Publication - Consultation paper

Equally Safe: consultation on legislation to improve forensic medical services for victims of rape and sexual assault

Published: 15 Feb 2019
Directorate:
Justice Directorate
Part of:
Health and social care
ISBN:
9781787816008

We are seeking your views on proposals to improve forensic medical services for victims of rape and sexual assault.

44 page PDF

475.1 kB

44 page PDF

475.1 kB

Contents
Equally Safe: consultation on legislation to improve forensic medical services for victims of rape and sexual assault
Chapter 2: Functions of Health Boards

44 page PDF

475.1 kB

Chapter 2: Functions of Health Boards

Background

10. The CMO Taskforce and Scottish Government's vision is for consistent, person centred, trauma informed healthcare and forensic medical services and access to recovery for anyone who has experienced rape or sexual assault in Scotland. The principal delivery bodies are the 14 territorial Health Boards which are divided into 3 territorial regions. The territorial Health Boards cover defined geographic areas whereas Healthcare Improvement Scotland and the other six special Health Boards have a Scotland-wide remit.

11. The immediate and long-term physical and psychological consequences of rape, sexual assault or child sexual abuse can be significant. Victims' reactions to the trauma of sexual violence may include depression, anxiety, post-traumatic stress disorder, substance misuse, self-harm and suicide[13]. As part of the Scottish Government's commitment to developing a National Trauma Training Strategy adopting a trauma informed approach following incidents of rape and sexual assault was recognised as important[14]. Such an approach assists the victim's processing of, and recovery from, the trauma arising from a rape or sexual assault. Following a recent rape or sexual assault a victim may choose to access forensic medical services (whether or not they have decided to report the crime to the police) and it is important that any forensic medical examinations are carried out in a healthcare context by staff who are trauma informed.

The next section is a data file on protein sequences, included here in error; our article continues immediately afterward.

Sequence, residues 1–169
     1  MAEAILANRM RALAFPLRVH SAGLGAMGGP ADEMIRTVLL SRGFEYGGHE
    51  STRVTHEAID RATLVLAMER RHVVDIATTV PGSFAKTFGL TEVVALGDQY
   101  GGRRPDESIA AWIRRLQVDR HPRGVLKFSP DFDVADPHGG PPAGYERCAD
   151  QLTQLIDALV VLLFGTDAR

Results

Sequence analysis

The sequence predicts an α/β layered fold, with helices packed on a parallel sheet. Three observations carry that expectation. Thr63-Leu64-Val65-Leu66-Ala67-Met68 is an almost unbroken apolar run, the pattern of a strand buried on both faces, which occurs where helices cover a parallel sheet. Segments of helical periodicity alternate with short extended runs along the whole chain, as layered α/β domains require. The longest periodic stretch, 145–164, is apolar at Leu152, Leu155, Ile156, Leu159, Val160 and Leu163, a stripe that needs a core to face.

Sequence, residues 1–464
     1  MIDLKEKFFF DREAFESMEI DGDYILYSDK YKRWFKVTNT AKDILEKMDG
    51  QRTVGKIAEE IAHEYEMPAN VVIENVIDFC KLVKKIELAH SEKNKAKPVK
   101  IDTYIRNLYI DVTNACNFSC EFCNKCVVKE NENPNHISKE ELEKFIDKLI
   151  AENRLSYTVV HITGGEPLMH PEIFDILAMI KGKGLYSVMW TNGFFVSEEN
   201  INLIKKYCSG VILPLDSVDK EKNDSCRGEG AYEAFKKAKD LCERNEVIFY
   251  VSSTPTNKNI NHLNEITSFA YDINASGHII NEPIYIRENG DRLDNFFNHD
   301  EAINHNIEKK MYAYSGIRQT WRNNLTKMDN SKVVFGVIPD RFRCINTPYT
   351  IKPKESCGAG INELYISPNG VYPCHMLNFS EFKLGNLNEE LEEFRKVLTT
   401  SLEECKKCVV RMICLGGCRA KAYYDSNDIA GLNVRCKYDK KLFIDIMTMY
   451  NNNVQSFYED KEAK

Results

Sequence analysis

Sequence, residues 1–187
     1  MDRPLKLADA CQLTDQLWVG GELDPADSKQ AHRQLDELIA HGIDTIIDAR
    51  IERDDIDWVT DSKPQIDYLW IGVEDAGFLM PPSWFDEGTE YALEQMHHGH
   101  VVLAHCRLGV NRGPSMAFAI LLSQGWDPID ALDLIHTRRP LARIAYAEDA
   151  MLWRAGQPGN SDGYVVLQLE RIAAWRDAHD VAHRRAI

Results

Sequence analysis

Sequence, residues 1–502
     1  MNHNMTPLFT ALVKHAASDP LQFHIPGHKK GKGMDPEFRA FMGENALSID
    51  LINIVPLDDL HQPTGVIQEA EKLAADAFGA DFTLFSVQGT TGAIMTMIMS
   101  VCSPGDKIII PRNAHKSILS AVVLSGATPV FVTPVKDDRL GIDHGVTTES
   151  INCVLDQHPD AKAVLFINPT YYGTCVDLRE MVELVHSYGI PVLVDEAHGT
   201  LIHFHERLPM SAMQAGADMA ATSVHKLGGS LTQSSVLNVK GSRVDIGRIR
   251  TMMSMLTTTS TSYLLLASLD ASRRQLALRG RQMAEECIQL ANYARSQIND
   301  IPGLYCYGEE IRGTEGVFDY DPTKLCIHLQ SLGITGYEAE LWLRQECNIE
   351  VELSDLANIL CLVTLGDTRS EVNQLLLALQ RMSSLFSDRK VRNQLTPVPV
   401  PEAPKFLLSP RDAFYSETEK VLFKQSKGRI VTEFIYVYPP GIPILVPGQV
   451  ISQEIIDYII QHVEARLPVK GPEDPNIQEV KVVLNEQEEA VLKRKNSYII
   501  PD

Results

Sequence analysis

12. Sexual crimes account for 5% of all crimes recorded in Scotland in 2017-18. The number of sexual crimes recorded by the police in Scotland increased by 13% from 11,092 in 2016-17 to 12,487 in 2017-18[15]. The official statistics on recorded crime may not account for the total prevalence of rape and sexual assault in Scotland. The latest available national statistics on rape and sexual assault (2014-15) in the Scottish Crime and Justice Survey (a large scale self-report survey that includes crimes that haven't been reported to Police Scotland) include 4.6% of women responding that they had experienced some form of serious sexual assault since the age of 16, and 0.6% of males. Around 40% of rapes recorded during 2017-18 were reported more than one year after the rape was committed[16]. Further self-report data from the National Survey of Sexual Attitudes and Lifestyles (NATSAL), another large scale social survey, suggests that there may be some under-reporting and that women are far more likely to be a victim of a rape, with 1 in 10 women in Scotland stating they have experienced rape and 1 in 50 men[17].

13. In addition to the above, the most recent Scottish Crime and Justice Survey findings on rape and sexual assault from 2014-15 suggest that only around 17% of those who had recounted a rape and 13% of those who had recounted an attempted rape had reported the incident to the police. It may be the case that not all of those interviewed who have experienced rape or sexual assault will have felt comfortable reporting it within the survey despite reassurance that the methods would preserve confidentiality and anonymity.

14. In the past, forensic medical services for victims of rape and sexual assault were seen as a policing and criminal justice function, delivered by police boards. This approach arguably prioritised the needs of the justice system in terms of evidence capture and building a case for possible prosecution of perpetrators. It is now understood that this approach risked re-traumatising victims and therefore Scotland is moving towards a healthcare and recovery focussed approach whilst recognising the importance of reliable forensic evidence gathering techniques to support the criminal justice system.